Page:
For two decades, Michelle Hodges has influenced partner success for our industry’s most recognized brands including Riverbed, Apptio, Microsoft, VMware and SAP. She serves on the Board of Baptie’s Women in Channel Leadership Forum and is an active member of Cloud Girls and the Women of the Channel community.
In April, Michelle was tapped as VP of Worldwide Partners & Alliances by Gigamon, the company leading the convergence of network and security operations. She has hit the ground running to empower more than 450 global partners and she recently shared with us the experiences that have shaped her career along with her advice for others in the channel during these transformational times.
CI: What are the major factors that you see impacting partner strategy?
Michelle: There are two things really changing the importance and value of the channel today: customer buying behaviors and customer buying cycles. Customers taking greater ownership of their buying process – along with digital – now play a huge role in how they search for and interact with vendors. In addition, the channels of the past were very linear. Today, customer buying cycles are increasingly iterative, so we are paying much more attention to guiding the customer to adopt technology and be successful with it. This presents the opportunity for channel partners to show up in different parts of that lifecycle, and it is critical to how channel programs and channel strategies should be executed today. Vendors need to aid partners in understanding where they can impact the buying and renewing cycle and the types of revenue they can generate across the full customer lifecycle.
Today we’re also seeing a stronger vendor focus on personalizing the channel relationship. Each partner has their own unique requirements, business models, skillsets and talent: the vendors that take a tailored and targeted approach to channel engagement are seeing an impact on performance and customer value exchange. We’re embracing this approach at Gigamon and it’s giving us yet another way to optimize the intersection between the customer, the partner and our own organization. The way we see it is that when we have a customer- and partner-first mindset, everyone wins.
CI: What is your ideal partner profile?
Michelle: My personal philosophy is that you have to be really balanced with regard to your partner community, both quantitatively and qualitatively. From a qualitative standpoint, a former boss gave me a great tip surrounding the importance of understanding the competency, commitment, coverage and capacity (the four Cs) of your channel partners across different focus areas and product areas in your company. When you do that in aggregate across a sub-region, or even better, globally, your big gaps become visible. This approach helps define what your partner profiles need to be and sets the stage for crafting a more effective partner strategy.
CI: What channel strategy advice do you have for up and coming channel leaders?
Michelle: Go through the deep dive process of understanding why the customer buys, when they make their decision, why they renew, etc., and figure out how and where to plug the channel into that lifecycle. I spent two years at a SaaS company where I was tasked with this responsibility and it gave me new insight into the value of the channel. It completely changed my perspective about where you want to incent the partner and where you need them the most. That insight makes me a much more valuable executive in working with a cross-functional leadership team.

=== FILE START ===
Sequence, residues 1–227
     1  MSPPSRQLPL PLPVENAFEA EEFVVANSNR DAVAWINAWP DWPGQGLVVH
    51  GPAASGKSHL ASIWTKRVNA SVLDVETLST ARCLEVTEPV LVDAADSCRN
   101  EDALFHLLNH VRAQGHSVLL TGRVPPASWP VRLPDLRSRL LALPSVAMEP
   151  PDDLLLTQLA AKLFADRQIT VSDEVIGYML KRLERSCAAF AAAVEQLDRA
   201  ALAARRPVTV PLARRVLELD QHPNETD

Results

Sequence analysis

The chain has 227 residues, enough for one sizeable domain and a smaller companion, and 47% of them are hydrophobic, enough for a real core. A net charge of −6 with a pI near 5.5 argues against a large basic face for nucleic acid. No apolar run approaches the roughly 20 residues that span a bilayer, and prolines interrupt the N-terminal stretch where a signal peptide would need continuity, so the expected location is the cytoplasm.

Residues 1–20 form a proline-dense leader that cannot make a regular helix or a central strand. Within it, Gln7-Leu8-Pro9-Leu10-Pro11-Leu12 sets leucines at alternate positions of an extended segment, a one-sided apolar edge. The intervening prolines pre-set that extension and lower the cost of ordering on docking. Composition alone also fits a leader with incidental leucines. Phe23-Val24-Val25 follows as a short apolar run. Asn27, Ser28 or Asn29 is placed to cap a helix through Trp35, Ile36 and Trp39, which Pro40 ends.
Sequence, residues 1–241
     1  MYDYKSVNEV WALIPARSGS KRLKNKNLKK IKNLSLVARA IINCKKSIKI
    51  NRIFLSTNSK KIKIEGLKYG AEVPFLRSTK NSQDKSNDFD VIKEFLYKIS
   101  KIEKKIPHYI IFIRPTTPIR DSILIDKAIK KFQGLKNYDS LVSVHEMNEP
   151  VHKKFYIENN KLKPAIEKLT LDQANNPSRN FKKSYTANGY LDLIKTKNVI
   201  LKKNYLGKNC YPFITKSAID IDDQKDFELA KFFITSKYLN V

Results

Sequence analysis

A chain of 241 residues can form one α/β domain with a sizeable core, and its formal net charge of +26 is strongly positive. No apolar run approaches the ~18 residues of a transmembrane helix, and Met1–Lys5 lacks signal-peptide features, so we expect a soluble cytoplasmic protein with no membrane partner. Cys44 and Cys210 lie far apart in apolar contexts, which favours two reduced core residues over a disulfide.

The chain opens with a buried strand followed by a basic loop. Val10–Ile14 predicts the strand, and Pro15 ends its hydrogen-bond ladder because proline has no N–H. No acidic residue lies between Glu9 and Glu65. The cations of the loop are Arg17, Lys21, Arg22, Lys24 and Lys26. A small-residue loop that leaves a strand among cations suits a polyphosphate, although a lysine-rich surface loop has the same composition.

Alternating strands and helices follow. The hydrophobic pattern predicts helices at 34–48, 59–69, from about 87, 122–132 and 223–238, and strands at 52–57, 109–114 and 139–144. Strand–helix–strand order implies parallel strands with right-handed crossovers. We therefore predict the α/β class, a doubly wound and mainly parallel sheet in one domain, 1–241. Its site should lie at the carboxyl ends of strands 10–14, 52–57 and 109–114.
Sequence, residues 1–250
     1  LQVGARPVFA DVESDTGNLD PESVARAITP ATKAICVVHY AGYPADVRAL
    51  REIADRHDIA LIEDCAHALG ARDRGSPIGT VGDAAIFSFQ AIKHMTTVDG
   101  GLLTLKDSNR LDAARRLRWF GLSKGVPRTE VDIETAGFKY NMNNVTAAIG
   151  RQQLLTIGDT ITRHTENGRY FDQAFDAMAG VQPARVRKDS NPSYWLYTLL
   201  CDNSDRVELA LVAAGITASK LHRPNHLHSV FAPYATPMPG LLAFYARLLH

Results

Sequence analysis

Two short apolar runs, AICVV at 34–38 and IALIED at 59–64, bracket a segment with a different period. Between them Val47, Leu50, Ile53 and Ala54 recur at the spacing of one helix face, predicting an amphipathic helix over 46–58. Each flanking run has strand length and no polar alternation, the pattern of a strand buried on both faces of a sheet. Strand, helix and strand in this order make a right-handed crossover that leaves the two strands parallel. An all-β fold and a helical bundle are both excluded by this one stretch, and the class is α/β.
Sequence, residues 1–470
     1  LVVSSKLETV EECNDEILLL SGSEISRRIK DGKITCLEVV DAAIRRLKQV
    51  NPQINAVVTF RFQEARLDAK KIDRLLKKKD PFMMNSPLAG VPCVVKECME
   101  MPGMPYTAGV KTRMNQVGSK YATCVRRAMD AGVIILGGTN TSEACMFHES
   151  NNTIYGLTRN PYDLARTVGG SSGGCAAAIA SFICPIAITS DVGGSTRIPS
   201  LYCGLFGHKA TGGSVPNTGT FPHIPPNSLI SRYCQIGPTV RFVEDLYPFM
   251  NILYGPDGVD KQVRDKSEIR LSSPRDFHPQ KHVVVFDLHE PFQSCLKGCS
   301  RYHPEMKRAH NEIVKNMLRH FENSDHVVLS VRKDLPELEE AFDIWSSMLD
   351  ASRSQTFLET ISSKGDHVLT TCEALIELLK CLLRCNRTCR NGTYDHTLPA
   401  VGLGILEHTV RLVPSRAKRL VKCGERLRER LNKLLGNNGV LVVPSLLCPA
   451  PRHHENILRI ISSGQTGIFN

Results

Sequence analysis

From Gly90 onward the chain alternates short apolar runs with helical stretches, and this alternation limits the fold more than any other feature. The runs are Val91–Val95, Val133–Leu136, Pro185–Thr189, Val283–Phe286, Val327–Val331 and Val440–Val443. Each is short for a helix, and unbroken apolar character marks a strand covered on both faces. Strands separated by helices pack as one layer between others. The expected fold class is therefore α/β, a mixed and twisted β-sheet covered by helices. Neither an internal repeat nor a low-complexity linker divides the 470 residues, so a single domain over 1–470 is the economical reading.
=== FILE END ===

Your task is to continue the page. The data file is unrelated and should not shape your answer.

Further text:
I’d also stress the importance of matching the customer lifecycle approach to your company’s priorities. If you are supporting a pre-IPO company then predictable customer acquisition cost becomes super important, so your channel strategy should rotate towards that. If you’re in a highly competitive position that demands you acquire x-number of new logos, then your channel strategy should pivot towards that goal. Your channel strategy should balance your company’s overarching objectives against how your customers are buying and renewing the technology.
Lastly, and I cannot stress this enough, there is no customer success program that takes the place of a great product.
CI: What do you think accelerated your career success?
Michelle: Spending time outside of traditional hardware vendors and in the world of cloud and SaaS has really evolved my thinking along with what I can offer a leadership team. Secondly, I’d say not so much networking but, rather, having a really strong network has made all the difference. I went through a career transition this year and my friends at Cloud Girls and the Women’s Leadership Board at Baptie not only alerted me to opportunities, but also supported me through the transition. The women in those two groups consistently reminded me of my capabilities and guided me to build a message around the wealth of experience and value that I bring to a channel leadership role.
CI: Lastly, what can you tell us about where Gigamon’s channel strategy is headed for 2019?
Michelle: Gigamon has a great business and an outstanding value proposition for our partner ecosystem, with our unique position at the intersection between network visibility and security. We make other vendors, such as FireEye, Imperva and Splunk, work better and we partner really well with IBM, QRadar and Cisco. Deeply investing in — and building out — that go-to-market motion more strongly for our ecosystem is a key charter of our channel strategy going into 2019. What won’t change in the coming year is our commitment to giving our partners everything they need to effectively execute their customer journeys and, ultimately, drive more upsells, retention, revenue and profit.
This blog post is part of an ongoing series focused on trailblazing women who are transforming the channel. Go here for the first blog post on channel trends.